President Donald Trump came to the White House without friends and with a misunderstanding of his role — but those who know him best say he can fake his way through the job.
The former real estate developer and reality TV star came to the presidency with few political allies and no friends at all, his biographer and longtime associates told Politico.
“One of the loneliest people I’ve ever met,” his biographer Tim O’Brien told the website. “He lacks the emotional and sort of psychological architecture a person needs to build deep relationships with other people.”
Trump has consistently expressed his paranoid worldview over the years through multiple interviews, describing other people as “ruthless,” “cruel” and “vicious” — and former classmates say he’s always been closed-off.
“You just couldn’t be friends with him,” said Sandy McIntosh, a former schoolmate at New York Military Academy who also knew Trump from a beach club on Long Island.
McIntosh described the future president as humorless.
“You think of humor as a basic, empathic way that friendships are formed — and he just didn’t,” McIntosh told Politico.
Another classmate, Peter Ticktin, described Trump as aloof, which he thinks is part of his natural talent for leadership and the military school’s rigid culture.
“He just didn’t need to share his deepest thoughts,” said Ticktin, who voted for Trump. “He was nobody’s real buddy, but nobody was anybody’s real buddy.”
Two of the men who’ve known the president longest — Republican dirty trickster Roger Stone and Newsmax CEO Christopher Ruddy — believe Trump can survive in Washington without any friends.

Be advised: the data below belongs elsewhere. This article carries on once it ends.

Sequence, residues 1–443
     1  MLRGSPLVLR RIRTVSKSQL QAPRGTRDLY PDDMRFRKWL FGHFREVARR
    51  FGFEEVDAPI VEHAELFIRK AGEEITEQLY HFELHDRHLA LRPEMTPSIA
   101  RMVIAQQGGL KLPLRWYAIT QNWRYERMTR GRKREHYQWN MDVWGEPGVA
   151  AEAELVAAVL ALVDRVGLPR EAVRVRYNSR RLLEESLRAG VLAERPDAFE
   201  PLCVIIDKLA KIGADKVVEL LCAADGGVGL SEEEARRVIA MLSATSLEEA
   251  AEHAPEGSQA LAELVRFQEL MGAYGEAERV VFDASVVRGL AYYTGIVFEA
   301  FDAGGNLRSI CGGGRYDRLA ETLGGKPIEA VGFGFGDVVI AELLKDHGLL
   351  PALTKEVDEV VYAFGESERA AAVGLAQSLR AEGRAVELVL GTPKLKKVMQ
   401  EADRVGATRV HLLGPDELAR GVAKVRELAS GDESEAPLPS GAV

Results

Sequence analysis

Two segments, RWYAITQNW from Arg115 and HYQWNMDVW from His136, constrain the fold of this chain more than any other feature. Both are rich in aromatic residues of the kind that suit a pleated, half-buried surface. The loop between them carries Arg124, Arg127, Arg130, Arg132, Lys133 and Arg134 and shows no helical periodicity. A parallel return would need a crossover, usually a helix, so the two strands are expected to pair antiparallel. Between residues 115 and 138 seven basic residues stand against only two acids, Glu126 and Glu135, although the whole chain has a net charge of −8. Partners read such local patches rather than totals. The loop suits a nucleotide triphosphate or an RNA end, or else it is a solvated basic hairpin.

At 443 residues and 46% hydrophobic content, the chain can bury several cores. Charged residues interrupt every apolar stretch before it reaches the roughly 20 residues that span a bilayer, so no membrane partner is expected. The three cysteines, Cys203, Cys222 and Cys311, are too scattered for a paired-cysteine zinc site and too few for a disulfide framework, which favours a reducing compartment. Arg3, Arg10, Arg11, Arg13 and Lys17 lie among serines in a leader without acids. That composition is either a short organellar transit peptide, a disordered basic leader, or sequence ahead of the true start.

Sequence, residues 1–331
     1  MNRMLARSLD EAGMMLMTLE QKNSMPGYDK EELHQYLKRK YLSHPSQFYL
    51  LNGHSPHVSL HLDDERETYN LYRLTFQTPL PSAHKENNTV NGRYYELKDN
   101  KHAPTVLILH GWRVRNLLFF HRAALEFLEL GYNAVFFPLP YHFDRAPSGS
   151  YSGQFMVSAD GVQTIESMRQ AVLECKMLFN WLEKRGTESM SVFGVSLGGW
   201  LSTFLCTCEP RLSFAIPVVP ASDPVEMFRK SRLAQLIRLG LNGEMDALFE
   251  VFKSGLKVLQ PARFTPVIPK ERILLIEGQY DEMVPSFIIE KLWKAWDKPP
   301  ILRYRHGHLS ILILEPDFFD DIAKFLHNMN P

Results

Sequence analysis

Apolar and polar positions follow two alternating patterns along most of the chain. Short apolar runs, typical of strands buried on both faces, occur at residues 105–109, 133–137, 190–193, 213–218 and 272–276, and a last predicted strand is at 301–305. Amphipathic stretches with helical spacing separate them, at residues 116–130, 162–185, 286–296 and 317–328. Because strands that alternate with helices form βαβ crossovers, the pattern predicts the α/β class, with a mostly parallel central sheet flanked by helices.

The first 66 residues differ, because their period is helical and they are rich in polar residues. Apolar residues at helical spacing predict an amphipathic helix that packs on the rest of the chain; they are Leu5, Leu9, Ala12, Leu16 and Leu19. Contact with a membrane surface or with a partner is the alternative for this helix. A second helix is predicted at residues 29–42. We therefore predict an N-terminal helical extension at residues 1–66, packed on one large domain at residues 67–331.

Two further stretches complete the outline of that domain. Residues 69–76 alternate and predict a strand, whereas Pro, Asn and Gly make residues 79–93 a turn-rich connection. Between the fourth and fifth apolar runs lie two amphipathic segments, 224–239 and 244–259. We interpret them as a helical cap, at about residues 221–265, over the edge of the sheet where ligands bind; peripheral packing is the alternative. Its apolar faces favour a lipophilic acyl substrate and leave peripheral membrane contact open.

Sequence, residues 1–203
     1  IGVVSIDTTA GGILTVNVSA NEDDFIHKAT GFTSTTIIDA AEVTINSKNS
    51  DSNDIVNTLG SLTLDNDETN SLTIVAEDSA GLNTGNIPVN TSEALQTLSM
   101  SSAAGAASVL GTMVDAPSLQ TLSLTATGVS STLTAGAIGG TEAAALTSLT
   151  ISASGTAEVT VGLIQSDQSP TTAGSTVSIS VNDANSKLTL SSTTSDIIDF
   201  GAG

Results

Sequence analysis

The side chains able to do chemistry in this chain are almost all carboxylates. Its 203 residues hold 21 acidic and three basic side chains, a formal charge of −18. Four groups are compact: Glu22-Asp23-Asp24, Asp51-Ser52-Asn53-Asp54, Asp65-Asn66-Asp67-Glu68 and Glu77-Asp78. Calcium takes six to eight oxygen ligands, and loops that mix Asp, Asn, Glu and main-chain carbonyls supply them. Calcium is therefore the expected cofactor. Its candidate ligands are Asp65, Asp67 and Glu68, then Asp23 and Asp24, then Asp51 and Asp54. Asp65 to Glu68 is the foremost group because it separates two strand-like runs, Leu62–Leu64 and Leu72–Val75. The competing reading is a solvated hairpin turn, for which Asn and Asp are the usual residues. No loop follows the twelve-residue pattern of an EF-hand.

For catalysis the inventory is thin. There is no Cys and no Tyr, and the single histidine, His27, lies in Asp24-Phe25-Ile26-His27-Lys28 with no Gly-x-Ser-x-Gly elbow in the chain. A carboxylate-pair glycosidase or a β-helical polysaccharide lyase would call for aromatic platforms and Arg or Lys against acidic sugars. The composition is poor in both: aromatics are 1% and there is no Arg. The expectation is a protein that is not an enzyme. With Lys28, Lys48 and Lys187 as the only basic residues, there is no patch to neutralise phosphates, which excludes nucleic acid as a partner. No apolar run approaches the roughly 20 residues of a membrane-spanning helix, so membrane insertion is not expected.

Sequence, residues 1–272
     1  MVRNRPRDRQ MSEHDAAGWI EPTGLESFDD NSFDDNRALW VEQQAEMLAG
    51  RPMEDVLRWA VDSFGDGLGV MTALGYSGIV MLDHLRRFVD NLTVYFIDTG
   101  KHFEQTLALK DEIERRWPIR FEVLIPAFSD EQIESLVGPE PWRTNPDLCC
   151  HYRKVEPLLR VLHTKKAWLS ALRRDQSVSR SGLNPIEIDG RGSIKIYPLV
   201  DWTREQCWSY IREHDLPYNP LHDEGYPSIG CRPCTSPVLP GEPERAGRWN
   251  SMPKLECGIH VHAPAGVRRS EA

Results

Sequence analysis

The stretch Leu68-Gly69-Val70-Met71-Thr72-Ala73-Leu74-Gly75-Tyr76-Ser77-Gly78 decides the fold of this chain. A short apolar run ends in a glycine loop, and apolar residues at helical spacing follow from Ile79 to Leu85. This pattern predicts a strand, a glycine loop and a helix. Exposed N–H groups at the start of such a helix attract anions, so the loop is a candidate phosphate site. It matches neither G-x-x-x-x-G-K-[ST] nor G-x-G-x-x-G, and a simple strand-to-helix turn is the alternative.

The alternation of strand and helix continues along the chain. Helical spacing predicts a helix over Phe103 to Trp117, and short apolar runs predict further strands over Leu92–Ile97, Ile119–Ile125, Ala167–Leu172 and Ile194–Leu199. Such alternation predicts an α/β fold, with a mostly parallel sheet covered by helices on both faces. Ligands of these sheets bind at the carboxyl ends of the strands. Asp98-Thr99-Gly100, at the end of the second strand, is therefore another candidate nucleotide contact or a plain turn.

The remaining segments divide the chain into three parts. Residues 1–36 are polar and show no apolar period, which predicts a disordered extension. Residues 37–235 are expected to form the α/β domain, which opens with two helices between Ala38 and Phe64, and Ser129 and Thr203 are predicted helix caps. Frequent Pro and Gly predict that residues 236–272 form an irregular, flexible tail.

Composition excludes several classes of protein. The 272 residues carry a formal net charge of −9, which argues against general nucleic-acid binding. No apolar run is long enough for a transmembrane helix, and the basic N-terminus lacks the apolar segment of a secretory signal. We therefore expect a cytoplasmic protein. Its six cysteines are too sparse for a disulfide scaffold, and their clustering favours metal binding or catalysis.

“He’s very much his own man,” Stone said. “This is not a guy who’s ever told what to do, what to say, where to go, who he can meet with, who he can’t meet with, who he can talk to, who he can’t talk to, where he can travel to. He’s really a free spirit and he deeply resents attempts to handle him or manage him or control him — which is why ultimately I believe General (John) Kelly will fail.”
Trump came into the White House expecting deference, according to Ruddy, but he’s confident the president can draw on his business experience to succeed.
“I think he saw the presidency as more of a monarchy,” Ruddy said. “I think he’s ultra-gifted in the things in politics you need for relationship-building. He’s an impresario at this stuff.”
Ticktin, his former classmate, believes Trump can fake it until he makes it.
“Normal socializing with people, I don’t think that’s ever really been his thing,” Ticktin told Politico. “But he knows how to work a room. He’s charming, and he knows how to connect with people in a room and make them feel like they’ve been acknowledged.”
But Wayne Barrett, who covered Trump for decades until his death from cancer one day before Inauguration Day, predicted a darker end for the celebrity tycoon who frequently expressed admiration for the notoriously reclusive billionaire Howard Hughes.
“Over the years, he had openly toyed with a final surreal twist to the plot that had become his life,” Barrett wrote about Trump in 1992, following a bankruptcy. “He told friends that he might end up a Howard Hughes-like recluse, squirreled away, allowing his fingernails to grow longer than his stubby fingers. That poignant script may have appealed to the loner quality in him that had always kept him apart. The Hughes scenario only worked, though, if he could figure out a way back to the top.”